As of the morning of
October 30, 2019, the Kincade Fire had grown to more than 76,000 acres (308 kilometers) burned, with much of the activity on the eastern side of the fire. The Visible Infrared Imaging Radiometer Suite (VIIRS) on Suomi NPP acquired this image of the fire’s smoke in the early afternoon on October 29. As of October 30, the fire was 30 percent contained.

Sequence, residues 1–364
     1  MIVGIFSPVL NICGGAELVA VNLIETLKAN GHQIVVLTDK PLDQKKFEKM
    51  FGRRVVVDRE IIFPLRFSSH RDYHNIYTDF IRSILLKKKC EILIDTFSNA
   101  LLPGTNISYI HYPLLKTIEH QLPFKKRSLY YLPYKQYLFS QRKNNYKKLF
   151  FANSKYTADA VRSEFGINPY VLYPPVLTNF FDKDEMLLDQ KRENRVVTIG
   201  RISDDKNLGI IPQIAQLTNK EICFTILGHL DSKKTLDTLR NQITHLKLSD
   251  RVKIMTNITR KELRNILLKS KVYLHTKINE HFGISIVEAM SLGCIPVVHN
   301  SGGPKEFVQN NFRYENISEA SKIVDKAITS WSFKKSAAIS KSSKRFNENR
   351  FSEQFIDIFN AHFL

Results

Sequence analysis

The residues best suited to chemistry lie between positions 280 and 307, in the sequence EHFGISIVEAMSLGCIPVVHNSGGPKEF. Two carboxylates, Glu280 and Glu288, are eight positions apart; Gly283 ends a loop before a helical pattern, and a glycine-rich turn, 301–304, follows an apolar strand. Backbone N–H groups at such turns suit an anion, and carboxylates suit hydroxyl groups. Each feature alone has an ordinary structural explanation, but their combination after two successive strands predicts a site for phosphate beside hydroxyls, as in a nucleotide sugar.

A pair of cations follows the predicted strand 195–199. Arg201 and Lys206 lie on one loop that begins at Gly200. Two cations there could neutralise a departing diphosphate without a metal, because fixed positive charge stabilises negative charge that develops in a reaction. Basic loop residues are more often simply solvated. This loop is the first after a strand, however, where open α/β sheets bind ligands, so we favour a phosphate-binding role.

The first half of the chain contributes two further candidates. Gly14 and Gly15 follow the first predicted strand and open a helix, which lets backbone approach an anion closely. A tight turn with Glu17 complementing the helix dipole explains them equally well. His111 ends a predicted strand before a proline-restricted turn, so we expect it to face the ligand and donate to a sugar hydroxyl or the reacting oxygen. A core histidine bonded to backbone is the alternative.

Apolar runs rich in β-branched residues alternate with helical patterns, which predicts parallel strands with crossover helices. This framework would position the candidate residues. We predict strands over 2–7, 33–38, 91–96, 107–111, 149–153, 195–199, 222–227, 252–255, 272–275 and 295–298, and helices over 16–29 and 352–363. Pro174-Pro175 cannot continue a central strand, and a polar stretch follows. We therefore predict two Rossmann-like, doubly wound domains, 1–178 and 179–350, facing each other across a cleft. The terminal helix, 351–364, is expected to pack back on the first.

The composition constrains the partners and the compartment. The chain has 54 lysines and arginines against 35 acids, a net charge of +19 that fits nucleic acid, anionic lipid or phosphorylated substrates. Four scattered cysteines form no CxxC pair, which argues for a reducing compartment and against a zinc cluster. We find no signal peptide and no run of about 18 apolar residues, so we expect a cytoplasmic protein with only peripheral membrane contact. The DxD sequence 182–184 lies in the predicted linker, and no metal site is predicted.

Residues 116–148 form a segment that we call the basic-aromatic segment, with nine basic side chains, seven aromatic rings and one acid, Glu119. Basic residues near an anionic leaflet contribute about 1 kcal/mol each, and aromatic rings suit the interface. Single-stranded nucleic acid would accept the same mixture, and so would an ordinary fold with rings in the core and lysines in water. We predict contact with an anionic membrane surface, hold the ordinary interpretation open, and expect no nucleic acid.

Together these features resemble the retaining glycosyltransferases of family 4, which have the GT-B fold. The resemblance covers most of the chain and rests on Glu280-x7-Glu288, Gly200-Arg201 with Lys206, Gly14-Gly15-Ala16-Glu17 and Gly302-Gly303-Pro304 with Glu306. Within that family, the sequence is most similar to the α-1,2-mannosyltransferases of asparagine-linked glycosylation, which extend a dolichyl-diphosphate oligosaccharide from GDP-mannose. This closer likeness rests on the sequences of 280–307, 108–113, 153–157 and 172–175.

Fire season in the Western United States stretches from late spring until the winter rains arrive near the end of the calendar year. Climate change has made the past few years warmer and drier, intensifying some natural fire cycles.